How will Mission Kitchen gauge its own success? “Seeing our members leave Mission Kitchen for the right reasons,” says Gent. “We’d love to see businesses that scale up to the point that they outgrow us. That will be a real sign of success.”

Meet the entrepreneurs

Mohammed (Momo) Abu Zard

Mohammed makes and sells two kinds of Syrian cheese

Business: Momo’s Dairy

Makes: “Halloumi’s Syrian cousin but less salty and more creamy. I have two versions – one is harder in texture and the other is preserved in brine. I have been experimenting for just over a year but am not trading yet.

“I grew up in Syria. I am Palestinian-Syrian, so I was born a refugee. I stayed in Syria until I graduated from veterinary school. I left because I didn’t want to be drafted into the army, so I left for Turkey, applied for the UNHCR resettlement scheme, and got the UK as my resettlement country. The UK took me in in 2019.

“My father had a cheese-making business in Syria. When I was in Turkey, I lost my father to cancer. I wanted to follow in his footsteps and finish some of his unfinished work, and stay connected to him through making cheese.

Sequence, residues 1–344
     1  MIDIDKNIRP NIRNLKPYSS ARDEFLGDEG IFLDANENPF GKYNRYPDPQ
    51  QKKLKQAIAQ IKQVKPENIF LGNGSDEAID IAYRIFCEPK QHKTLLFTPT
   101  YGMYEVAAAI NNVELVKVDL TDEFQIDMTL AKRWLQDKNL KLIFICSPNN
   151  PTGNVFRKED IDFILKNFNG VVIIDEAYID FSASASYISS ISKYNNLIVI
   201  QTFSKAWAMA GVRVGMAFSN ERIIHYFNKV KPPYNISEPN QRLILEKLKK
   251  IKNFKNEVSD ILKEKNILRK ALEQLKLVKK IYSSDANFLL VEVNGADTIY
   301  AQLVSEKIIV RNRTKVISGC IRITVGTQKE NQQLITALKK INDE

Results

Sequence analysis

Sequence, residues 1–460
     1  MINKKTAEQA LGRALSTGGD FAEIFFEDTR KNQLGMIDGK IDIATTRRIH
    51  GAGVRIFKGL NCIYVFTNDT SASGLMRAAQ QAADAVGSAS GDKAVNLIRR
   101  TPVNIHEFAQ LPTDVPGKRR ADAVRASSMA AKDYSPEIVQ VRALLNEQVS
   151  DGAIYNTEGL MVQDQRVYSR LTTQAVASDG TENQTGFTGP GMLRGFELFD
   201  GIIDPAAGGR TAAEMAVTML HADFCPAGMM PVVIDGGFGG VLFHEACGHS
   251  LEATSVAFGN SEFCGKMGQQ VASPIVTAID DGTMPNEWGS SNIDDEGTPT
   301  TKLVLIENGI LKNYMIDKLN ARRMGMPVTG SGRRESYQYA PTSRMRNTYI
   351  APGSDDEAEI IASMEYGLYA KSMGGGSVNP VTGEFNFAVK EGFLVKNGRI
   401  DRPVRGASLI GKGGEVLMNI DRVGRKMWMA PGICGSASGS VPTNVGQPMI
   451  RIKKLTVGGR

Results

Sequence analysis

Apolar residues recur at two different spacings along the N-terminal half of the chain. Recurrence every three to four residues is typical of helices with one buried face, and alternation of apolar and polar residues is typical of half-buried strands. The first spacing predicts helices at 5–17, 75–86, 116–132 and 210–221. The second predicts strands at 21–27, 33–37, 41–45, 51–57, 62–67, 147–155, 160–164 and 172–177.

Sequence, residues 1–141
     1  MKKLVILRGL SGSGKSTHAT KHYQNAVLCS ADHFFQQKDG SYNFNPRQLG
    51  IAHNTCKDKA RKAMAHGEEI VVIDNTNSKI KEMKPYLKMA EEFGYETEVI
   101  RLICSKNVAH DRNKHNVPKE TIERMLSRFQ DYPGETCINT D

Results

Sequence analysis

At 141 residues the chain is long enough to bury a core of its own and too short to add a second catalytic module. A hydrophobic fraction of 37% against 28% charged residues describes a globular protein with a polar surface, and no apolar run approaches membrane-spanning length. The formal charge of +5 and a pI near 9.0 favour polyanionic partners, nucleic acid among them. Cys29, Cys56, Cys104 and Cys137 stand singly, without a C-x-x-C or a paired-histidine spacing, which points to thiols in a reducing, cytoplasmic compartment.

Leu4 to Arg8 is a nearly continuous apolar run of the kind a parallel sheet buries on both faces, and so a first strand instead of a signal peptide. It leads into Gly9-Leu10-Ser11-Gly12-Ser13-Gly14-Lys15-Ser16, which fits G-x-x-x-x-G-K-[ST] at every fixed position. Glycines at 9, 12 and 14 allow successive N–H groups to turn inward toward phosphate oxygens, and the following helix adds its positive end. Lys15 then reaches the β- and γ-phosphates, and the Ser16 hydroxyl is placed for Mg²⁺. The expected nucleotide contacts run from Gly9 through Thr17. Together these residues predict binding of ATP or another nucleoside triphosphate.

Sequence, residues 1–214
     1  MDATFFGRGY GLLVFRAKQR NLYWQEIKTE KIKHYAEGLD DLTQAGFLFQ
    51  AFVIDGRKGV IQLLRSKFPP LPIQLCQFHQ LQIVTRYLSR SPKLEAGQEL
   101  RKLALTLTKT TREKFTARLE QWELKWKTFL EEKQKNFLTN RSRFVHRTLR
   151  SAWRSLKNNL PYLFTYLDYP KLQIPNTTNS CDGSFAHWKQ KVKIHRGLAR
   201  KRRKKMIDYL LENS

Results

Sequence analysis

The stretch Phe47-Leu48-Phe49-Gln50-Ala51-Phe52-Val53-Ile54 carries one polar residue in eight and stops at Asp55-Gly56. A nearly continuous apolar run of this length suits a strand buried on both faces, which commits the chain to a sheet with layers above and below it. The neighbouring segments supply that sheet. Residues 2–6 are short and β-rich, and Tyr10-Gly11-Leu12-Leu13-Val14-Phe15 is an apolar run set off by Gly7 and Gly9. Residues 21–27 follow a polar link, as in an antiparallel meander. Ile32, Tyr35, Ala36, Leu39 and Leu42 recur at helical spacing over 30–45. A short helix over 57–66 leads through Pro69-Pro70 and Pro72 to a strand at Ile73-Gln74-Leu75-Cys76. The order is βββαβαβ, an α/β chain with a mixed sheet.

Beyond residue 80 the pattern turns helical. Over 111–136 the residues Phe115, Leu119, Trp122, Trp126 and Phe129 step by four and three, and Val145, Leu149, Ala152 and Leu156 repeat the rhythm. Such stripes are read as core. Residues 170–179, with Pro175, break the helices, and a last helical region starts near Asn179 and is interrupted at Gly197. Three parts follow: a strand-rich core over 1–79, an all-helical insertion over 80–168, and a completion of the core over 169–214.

“It’s good to be working with like-minded people at Mission Kitchen. I love the community aspect of it and how members are on the same path and on the same journey in setting up their own businesses. My vision is to have a place where I cook Syrian food, sell my cheese and teach cookery classes all in one place.”

Elisha Ovia

After discovering empandads in Argentina, Elisha decided to put a Nigerian spin on them

Business: Eli and Pie

Makes: “Pies without compromise.”

“I was travelling in South America about 15 years ago and I came across empanadas in Argentina, and I thought, ‘This is wild’. That kind of played on my mind for a while. Being Nigerian we do lots of pies as street food, but I grew up in London not really enjoying pies or pasties. I have an aunt who’s a chef, and she helped me get off the ground. Empanadas in Argentina were the spur, as was wanting to make a better pie, something unique that I could put my name to.”